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Building a synthetic longer history to the IHS Markit US Manufacturing PMI

04 October 2018 Chris Williamson
  • IHS Markit PMI data offer a more accurate input into economic models such as 'nowcasting'
  • ISM data can be used to create a longer synthetic history to the PMI

The IHS Markit PMI data for September brought better news on the health of the US manufacturing economy. With production rising at the fastest rate for four months, the survey signals a tentative recovery from a soft patch in prior recent months.

The signal is important as the index has a strong track record of accurately predicting official manufacturing production data, exhibiting a correlation of 89% over the past decade with the Fed's measure of factory output as used in the monthly industrial production numbers (see chart).

The close fit of the PMI against official manufacturing output data, which are published almost a month after the flash PMI, makes it a valuable component to economic models, especially in 'nowcasting', which is designed to provide an estimate of current economy growth ahead of the publication of official GDP numbers. The latter are only quarterly, published with a delay and often revised after first publication, making them of reduced value to investors, policymakers and business planners.

Many nowcast models use the ISM manufacturing survey as their input, which is available around a week after the IHS Markit PMI, largely because the ISM established a strong track record in prior years. However, as our chart shows, the ISM's tracking ability in relation to official data appears to have broken down in recent years, tending to substantially overestimate growth.

A consequence of the overly strong ISM readings has been that many nowcast models, such as the Atlanta Fed's GDPNow, which use the ISM data have tended to substantially overstate growth in early estimation vintages (for which the ISM (manufacturing) has a disproportionately large impact on the forecast early in the quarter), only showing greater accuracy once more 'hard' data have been subsequently incorporated into the nowcasting process for each quarter.

Our chart below highlights how substituting the ISM data with IHS Markit data would resolve the issue of overstatement of growth in early nowcast vintages. The 89% correlation of the IHS Markit PMI with official manufacturing data comfortably exceeds the 81% correlation achieved by the ISM.

Explaining the divergence

As yet, there is no clear explanation of the divergence between the ISM with the PMI and official numbers, but an analysis of the PMI data suggests company size may be a factor. Specifically, the ISM panel comprises only very large companies, whereas the IHS Markit PMI is based on a carefully constructed panel that replicates the manufacturing economy according to an analysis of official data on industry sector and company size. As such, the PMI ensures small, medium and large companies are appropriated represented in the IHS Markit survey results each month. With the PMI data showing large companies to have significantly outperformed smaller firms in recent months, extrapolation suggests that the very large firms covered by the ISM may well have been performing even better, hence the surprisingly strong ISM readings.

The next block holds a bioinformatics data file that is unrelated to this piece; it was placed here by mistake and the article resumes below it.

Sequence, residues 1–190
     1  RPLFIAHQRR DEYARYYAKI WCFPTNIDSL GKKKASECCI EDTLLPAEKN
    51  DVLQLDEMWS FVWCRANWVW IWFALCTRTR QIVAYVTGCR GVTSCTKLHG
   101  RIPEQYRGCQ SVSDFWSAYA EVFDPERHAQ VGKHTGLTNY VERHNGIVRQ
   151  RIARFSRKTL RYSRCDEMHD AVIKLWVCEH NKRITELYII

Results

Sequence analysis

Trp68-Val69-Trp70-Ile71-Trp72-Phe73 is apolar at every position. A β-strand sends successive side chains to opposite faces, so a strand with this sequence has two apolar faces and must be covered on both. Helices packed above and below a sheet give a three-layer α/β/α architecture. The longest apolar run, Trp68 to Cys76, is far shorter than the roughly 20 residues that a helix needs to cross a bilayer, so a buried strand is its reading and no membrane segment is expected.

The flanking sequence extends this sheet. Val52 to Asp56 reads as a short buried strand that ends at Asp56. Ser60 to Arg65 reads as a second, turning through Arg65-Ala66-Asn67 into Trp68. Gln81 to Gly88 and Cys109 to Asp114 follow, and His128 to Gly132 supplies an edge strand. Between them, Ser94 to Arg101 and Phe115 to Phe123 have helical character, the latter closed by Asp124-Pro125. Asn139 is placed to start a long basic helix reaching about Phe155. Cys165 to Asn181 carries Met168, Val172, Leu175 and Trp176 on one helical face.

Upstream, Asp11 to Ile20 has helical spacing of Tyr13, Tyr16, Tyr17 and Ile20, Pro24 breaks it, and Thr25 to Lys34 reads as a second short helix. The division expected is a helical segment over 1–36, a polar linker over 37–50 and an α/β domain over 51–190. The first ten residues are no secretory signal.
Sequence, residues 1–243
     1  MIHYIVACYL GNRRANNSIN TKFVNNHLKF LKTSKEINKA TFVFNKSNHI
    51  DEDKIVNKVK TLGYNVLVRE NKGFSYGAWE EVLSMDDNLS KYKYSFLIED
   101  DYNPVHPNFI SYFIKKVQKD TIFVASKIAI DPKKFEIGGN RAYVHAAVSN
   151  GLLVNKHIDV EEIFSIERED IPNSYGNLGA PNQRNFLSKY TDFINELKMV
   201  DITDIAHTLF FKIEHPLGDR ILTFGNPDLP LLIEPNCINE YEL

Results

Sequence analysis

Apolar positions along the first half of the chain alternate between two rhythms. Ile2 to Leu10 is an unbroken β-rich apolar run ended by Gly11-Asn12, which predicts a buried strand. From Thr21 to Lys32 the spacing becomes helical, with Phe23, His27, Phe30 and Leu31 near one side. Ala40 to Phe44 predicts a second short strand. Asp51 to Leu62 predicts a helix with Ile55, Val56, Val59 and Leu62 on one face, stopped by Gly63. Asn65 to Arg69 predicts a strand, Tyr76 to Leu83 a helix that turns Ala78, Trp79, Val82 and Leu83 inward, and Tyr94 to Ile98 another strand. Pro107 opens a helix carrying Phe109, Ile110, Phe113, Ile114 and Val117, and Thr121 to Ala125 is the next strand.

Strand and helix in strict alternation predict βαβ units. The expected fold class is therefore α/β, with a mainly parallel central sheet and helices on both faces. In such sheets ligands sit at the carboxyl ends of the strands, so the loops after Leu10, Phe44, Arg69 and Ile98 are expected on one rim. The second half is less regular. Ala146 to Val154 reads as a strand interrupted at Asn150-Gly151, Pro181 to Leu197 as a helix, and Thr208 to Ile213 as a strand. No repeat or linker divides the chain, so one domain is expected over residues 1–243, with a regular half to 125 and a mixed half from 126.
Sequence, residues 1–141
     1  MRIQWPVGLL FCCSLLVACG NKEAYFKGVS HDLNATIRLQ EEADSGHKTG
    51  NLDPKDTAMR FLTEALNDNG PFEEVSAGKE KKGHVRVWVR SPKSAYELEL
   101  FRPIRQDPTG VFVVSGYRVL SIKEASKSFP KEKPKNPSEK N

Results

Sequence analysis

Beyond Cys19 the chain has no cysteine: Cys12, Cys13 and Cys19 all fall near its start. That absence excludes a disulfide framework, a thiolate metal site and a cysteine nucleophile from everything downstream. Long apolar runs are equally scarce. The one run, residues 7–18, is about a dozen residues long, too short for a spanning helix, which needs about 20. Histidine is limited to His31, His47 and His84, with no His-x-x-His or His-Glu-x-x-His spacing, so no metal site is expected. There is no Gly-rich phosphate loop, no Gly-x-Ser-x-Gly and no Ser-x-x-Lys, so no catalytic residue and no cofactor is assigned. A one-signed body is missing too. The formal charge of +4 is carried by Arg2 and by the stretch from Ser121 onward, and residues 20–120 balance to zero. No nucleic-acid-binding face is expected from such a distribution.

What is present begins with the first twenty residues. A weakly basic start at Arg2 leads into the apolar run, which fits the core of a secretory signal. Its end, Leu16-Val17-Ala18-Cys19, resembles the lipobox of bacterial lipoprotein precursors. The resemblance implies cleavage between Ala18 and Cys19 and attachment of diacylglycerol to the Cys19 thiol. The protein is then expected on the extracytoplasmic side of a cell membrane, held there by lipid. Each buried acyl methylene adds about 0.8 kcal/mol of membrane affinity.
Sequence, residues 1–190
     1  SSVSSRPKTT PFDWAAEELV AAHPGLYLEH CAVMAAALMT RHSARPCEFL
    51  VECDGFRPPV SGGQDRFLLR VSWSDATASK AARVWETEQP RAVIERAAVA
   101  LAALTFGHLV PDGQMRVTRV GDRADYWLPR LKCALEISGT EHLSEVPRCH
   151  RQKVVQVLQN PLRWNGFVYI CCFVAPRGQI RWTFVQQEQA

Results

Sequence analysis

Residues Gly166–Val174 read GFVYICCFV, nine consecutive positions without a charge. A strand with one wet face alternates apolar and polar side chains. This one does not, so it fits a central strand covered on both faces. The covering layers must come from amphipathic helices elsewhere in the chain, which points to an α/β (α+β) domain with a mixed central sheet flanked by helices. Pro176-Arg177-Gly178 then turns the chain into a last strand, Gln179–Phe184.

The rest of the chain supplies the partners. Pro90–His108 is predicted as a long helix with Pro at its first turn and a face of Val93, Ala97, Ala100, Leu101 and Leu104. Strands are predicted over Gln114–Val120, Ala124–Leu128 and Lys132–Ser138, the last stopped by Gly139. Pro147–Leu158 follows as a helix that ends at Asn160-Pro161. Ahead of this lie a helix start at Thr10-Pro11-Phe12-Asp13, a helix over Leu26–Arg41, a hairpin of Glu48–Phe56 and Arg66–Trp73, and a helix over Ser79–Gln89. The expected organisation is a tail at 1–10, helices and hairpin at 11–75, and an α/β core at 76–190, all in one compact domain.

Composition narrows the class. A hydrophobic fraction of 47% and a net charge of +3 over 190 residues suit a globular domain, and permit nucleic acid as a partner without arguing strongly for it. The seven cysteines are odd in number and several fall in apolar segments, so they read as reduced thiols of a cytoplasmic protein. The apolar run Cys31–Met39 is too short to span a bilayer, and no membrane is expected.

Extending the PMI back history

A disadvantage of substituting ISM data with the more accurate and representative IHS Markit PMI in nowcast models is the relatively short history of the latter. Although the IHS Markit PMI extends back over a decade to early-2007, the ISM data extend back to the 1950s.

A solution is to analyse a period during which the two surveys both enjoyed a good track record of predicting official manufacturing data to generate a conversion factor to map the historical ISM data against the PMI, in other words to build a synthetic history for the PMI using ISM data.

A simple process can be used in which the ISM index is used as the sole explanatory variable of the PMI output index in an OLS regression. The period May 2007 to January 2015 is used, as this period shows the two surveys largely in sync (a correlation of 82% is observed).

The regression provides the conversion factor to 'stitch' the earlier ISM data onto the IHS Markit PMI and create a series with both a long history and improved accuracy for recent years.

Our chart shows the new longer series after the regression-based formula has been applied to generate a back history for the IHS Markit PMI prior to 2007.

For more information contact economics@ihsmarkit.com.


© 2018, IHS Markit Inc. All rights reserved. Reproduction in whole or in part without permission is prohibited.

Chris Williamson, Chief Business Economist, IHS Markit
Tel: +44 207 260 2329
chris.williamson@ihsmarkit.com

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Purchasing Managers' Index™ (PMI™) data are compiled by IHS Markit for more than 40 economies worldwide. The monthly data are derived from surveys of senior executives at private sector companies, and are available only via subscription. The PMI dataset features a headline number, which indicates the overall health of an economy, and sub-indices, which provide insights into other key economic drivers such as GDP, inflation, exports, capacity utilization, employment and inventories. The PMI data are used by financial and corporate professionals to better understand where economies and markets are headed, and to uncover opportunities.

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